Allocation of FBI Intelligence Analysts
The distribution of analysts by GS pay grade varied widely by organizational unit. Analysts assigned to FBI headquarters operational units were most likely to be GS-14s. Fifty-seven percent of headquarters analysts were GS-13s and above. In the Counterintelligence Division, 54 percent of intelligence analysts were GS-14s and higher.
In contrast, analysts assigned to the field offices were most likely to be GS-11s. Sixty-eight percent of analysts assigned to the field were GS-11s and below. Only 8 percent of field office analysts were GS-13s and higher. Only the following field offices had GS-14 intelligence analysts: Denver, Indianapolis, Louisville, Pittsburgh, Richmond, Sacramento, San Diego, and San Juan. None of the five field offices with the most intelligence analysts had any GS-14s.
GS Level of Intelligence Analysts by
As of September 2004, the FBI did not establish the total number of intelligence analyst positions available to the FBI as a whole in a given year. Because the FBI had not established a Funded Staffing Level (FSL) for analysts, it was unable to determine the number of intelligence analyst vacancies or the distribution of those vacancies across FBI units. According to the GAO, agencies should collect this type of data to evaluate the success of their human capital approaches, including strategies for attracting and retaining personnel.39 Subsequent to our audit field work, the FBI told us that it had established an FSL for intelligence analysts to be used during FY 2005. However, we did not evaluate the formulation of this FSL.
From FY 1996 through FY 2004, the FBI’s process for allocating positions did not specifically identify the number of analyst positions.40 This lack of an FSL for intelligence analysts was a result of the FBI’s budget process, which included FSLs for only two categories of employees, special agents and support staff. The support staff category included positions as diverse as clerk, intelligence analyst, forensic scientist, and attorney. Historically, FBI headquarters units and field offices have had wide flexibility in deciding the makeup of their support staff. Thus, if an intelligence analyst in a field office resigned, the special agent in charge had the latitude to replace the intelligence analyst with a financial analyst or some other category of support staff.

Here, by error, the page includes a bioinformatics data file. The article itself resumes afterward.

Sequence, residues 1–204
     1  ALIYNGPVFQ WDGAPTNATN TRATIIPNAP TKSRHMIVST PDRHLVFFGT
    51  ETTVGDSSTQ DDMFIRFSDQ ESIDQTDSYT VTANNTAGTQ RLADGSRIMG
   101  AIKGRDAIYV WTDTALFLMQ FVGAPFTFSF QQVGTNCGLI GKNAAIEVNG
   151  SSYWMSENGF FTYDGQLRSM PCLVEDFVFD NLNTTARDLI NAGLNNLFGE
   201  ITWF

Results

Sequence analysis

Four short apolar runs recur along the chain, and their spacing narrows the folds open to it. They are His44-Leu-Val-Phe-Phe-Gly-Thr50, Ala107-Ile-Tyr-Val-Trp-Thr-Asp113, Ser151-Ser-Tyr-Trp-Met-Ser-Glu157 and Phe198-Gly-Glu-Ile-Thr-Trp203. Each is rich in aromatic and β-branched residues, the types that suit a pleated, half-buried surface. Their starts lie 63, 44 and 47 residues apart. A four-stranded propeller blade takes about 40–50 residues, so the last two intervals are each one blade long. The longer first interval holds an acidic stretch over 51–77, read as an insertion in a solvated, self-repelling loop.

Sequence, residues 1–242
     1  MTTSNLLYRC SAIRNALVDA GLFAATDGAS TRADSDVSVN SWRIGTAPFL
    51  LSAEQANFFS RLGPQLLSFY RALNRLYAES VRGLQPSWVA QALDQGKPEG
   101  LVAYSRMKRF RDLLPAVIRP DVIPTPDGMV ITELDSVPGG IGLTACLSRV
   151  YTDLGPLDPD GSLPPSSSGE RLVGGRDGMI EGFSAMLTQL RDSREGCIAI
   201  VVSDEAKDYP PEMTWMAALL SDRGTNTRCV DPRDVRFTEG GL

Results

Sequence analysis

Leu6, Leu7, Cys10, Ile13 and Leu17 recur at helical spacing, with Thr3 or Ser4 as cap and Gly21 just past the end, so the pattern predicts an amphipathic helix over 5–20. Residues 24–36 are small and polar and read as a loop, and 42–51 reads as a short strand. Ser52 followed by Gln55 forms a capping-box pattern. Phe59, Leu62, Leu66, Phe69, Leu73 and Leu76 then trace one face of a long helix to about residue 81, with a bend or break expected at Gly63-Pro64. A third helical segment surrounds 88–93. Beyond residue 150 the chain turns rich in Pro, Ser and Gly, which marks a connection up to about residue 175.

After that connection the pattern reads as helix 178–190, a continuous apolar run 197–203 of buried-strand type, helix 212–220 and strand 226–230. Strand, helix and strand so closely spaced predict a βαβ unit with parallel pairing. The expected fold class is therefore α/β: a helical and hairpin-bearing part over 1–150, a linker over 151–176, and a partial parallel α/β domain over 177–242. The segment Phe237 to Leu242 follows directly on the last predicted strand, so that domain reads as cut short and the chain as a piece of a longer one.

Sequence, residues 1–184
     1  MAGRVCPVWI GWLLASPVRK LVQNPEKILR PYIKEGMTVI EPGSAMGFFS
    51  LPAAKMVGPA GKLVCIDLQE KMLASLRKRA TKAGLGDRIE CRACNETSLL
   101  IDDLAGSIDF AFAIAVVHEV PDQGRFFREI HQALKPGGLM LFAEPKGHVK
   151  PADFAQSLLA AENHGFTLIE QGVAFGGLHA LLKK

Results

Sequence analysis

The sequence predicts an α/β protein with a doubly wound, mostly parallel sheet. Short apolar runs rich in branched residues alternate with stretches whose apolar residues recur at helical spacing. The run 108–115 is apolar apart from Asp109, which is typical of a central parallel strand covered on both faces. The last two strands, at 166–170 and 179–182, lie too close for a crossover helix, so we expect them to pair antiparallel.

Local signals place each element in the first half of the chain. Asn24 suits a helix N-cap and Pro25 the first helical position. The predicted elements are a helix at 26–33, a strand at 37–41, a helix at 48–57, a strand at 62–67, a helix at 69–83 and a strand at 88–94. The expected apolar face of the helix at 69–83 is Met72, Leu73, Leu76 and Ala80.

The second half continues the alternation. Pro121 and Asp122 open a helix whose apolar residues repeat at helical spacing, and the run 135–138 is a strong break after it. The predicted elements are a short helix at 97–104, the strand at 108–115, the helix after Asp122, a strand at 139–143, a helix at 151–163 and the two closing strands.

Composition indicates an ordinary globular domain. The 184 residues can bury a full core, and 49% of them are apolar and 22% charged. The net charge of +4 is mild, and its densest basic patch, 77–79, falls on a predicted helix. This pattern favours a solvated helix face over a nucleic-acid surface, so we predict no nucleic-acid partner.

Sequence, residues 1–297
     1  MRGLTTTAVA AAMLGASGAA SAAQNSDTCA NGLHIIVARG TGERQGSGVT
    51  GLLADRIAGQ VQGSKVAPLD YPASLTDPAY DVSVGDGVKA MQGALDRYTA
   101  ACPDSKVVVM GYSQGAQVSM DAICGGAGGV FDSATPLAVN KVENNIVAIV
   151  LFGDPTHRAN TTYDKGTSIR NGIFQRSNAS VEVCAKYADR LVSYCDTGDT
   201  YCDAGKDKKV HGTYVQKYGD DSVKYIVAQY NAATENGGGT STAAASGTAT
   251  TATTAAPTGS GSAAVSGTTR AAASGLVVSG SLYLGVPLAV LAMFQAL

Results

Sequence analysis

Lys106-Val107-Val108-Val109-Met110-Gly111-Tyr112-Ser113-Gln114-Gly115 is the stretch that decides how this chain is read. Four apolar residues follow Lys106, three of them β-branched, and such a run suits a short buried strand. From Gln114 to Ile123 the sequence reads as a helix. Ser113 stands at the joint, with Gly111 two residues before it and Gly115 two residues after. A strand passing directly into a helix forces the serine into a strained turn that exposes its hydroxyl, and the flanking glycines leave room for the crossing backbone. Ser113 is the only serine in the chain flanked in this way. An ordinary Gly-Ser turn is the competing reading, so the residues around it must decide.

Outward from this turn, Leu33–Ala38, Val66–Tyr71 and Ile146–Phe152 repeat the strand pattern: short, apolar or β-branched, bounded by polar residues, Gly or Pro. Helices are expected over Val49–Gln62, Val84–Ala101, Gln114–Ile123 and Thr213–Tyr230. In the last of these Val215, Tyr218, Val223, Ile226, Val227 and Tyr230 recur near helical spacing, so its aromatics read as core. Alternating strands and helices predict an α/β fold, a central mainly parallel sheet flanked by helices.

From FY 1996 through FY 2004, the FBI’s budget allocation process began when the President signed the budget. With the exception of earmarks, the FBI had discretion in how it apportioned its resources, including analysts. The budget broke support staff into the following classifications: clerical and administrative, investigative (includes intelligence analysts), and technical. Since FY 1996, the FBI has determined the three categories of support staff in the following manner:
The budgeting process outlined above produced an FSL for investigative support staff, but not one for intelligence analysts. The number of intelligence analyst positions was ultimately determined by FBI units and field offices, with each unit or field office using its own methodology. After the FBI received its budget, the Resource Management and Allocation office (RMA) allocated the resources outlined in the budget. Following an informal and undocumented process, the RMA asked program managers, usually unit chiefs, to assess their current staffing levels and any additional needs. The program managers submitted their assessments and a proposed staffing level to their managers. The proposed staffing levels continued through the management chain until each division submitted a proposed divisional staffing level. Using the staffing data provided by the divisions, the RMA summarized the numbers submitted by the divisions and determined the appropriate staffing level for each division. However, the RMA’s determinations were not final. Ultimately, the level of personnel allocated to each division, section, unit, and field office was negotiated.
Once the RMA determined the FSLs, the individual sections and units had discretion in how they allocated personnel. For example, financial analysts, intelligence analysts, and investigative analysts are all part of the investigative subcategory of support personnel. If a unit received 100 positions in this subcategory, it could devote all 100 positions to financial analysts. The field offices, in particular, enjoyed the discretion to decide how to “spend” their FSL. Because the units and field offices valued the discretion to spend their FSLs according to their needs, the FBI did not institute an FSL for intelligence analysts prior to FY 2005. In addition, the FBI did not have the necessary information systems to track the positions throughout the FBI. Without an information system to track positions throughout the FBI, an FSL for intelligence analysts would have had little impact because FBI management would not be able to track vacancies and other hiring data.
Because the FBI did not have an FSL for intelligence analysts it was unable to provide its management, Congress, or other interested parties with data on the number of intelligence analyst vacancies. Information on the number of vacancies would have been useful in determining whether the FBI’s recruiting strategies were working as intended. Vacancy data also would have been helpful in targeting recruiting toward understaffed offices. In addition, an FSL for intelligence analysts would have elevated the visibility of the analyst position and underscored the important role of analysts in achieving the FBI’s mission.